UT wide receiver, Gerald Jones, talks to the media following Tuesday's practice. According to Jones, there's no need for him to play quarterback for the Vols this season. Watch »
Tennessee receiver Gerald Jones likes playing quarterback; he just doesn't like having to play quarterback.
"It's great, me not having to go at quarterback and make something happen or some crazy thing like that," Jones said after practice Tuesday.
Jones said he felt a more athletic quarterback was a necessity last season in order to help UT's struggling offense.
"I thought, personally, putting me and (safety) Eric (Berry) back at quarterback would help us with our quarterback situation because our quarterbacks were new to the system," Jones said. "It was their first year really starting."
With those concerns alleviated, Jones has a different mindset toward the G-Gun.
"It doesn't concern me if I play quarterback or not," he said. "I came here to play receiver so if I don't ever play quarterback again, so be it."
UT coach Lane Kiffin has said he has no intention to play Jones at quarterback this spring but could do so in fall practice. Jones understands, especially after seeing UT's passers perform in a new offense.
"They've been playing so well during spring ball that there's no need for me to go back there," Jones said. "They're taking care of business."
So does that mean Jones is completely done playing quarterback? Not quite.
"I would like to do it every now and then," Jones said with a smile.
Full Go: It's apparent that the Vols will be reliant on a more traditional fullback than in the recent past. Kevin Cooper and Austin Johnson have played key roles so far this spring.
"Kevin has really been a highlight of camp as far as how physical he's been and he's picking up the system really well," Kiffin said. "The fullback's extremely critical in this system. We play a lot with the fullback when we can, and so both the guys are doing well.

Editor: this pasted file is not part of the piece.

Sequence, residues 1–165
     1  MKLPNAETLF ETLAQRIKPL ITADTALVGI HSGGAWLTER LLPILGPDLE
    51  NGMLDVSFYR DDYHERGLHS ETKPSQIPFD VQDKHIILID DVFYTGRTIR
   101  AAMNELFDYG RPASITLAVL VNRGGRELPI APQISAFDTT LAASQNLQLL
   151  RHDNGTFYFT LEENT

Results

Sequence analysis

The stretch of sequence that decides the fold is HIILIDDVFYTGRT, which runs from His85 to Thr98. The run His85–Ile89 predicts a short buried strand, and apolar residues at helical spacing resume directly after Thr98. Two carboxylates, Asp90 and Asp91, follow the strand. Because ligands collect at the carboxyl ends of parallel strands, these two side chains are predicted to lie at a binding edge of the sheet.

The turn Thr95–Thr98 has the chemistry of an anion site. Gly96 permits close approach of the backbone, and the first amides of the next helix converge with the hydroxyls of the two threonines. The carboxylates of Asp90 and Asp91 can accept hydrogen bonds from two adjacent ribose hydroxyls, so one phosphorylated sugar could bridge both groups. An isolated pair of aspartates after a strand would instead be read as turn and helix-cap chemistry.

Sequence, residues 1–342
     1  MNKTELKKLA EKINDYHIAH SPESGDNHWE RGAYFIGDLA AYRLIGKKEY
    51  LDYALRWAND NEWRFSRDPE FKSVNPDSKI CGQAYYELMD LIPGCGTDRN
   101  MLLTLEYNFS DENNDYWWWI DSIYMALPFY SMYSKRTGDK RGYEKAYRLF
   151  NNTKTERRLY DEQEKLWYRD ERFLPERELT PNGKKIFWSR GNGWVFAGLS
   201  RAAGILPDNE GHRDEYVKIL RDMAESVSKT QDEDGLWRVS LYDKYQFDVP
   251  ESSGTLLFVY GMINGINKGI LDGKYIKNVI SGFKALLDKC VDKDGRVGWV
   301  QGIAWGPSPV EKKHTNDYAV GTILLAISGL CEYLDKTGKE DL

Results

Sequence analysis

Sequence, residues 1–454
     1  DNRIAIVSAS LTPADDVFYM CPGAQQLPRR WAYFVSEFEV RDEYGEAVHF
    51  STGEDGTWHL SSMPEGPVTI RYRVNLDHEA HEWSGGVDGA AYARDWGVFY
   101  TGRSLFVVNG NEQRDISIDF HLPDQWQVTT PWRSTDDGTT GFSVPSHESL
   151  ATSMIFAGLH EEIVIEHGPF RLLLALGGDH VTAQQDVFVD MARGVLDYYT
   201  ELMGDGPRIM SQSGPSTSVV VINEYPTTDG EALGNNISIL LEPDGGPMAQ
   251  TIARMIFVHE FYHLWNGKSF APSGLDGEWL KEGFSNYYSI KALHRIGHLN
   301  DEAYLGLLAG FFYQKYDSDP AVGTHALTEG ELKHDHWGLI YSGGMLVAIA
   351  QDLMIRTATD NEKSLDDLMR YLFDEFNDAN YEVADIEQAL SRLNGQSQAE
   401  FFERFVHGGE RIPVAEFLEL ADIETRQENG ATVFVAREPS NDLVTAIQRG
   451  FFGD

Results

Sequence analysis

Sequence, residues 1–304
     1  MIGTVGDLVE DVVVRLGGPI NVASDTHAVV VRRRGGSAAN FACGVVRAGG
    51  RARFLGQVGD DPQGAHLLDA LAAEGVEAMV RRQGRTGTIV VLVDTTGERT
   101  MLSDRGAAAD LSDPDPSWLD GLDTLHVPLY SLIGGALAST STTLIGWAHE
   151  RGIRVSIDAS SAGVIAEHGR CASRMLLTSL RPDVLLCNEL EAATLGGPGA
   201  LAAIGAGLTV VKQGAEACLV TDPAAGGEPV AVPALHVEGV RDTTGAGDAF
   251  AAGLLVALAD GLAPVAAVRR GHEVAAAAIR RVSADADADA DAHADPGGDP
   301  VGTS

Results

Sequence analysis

"We threw them some balls today and they made some plays. Unfortunately, we turned one of them over, but they're doing really well."
Johnson was guilty of the fumble following a short reception. That's been a rare mistake for the sophomore who has shown he has the hands to be a pass-receiving threat.
"I want to be a playmaker," Johnson said, "and I want to be able to block for this team."
Quarterback Jonathan Crompton has already noticed just how versatile UT's fullbacks can be.
"They're athletic enough that if we want to put them out wide, we can put them out wide," he said.
No Pushovers: UT's effective rushing attack - especially on short yardage - had even the receivers talking on Tuesday.
"The difference between this year and last year is they've got somebody on their back to push them to the limit to make sure they're going to do it," Jones said. "They've got the mindset that they won't be denied. They won't be stopped.
"It's one yard. We have a great back in the backfield that can pick it up. All they have to do is get a push and they do it."
Practice Performer: Quinton Hancock continues to be a standout performer in spring practice. Kiffin said the senior receiver had two consecutive great practices.
Hancock had two touchdown catches on Saturday and a key reception that kept a drive alive on Tuesday.
The practice performances from Hancock are hardly new. He has regularly stood out in practices only to go largely unnoticed in games.
"I'm not worried about that," Kiffin said. "Whatever happened before was a different time. I know what he's done since we've been here, and we're really excited. We expect nothing except for him to continue to get better."
Tyler Take: Kiffin said he has been impressed with former Maryville High School standout Tyler Maples.
"Really has improved," Kiffin said of the sophomore receiver. "When we were out without a ball, the first few days, I was a little nervous about him moving around and stuff. He's really taken the offense and improved.
"He's gotten a few shots here and there and continues to get more."
Drew Edwards contributed to this report.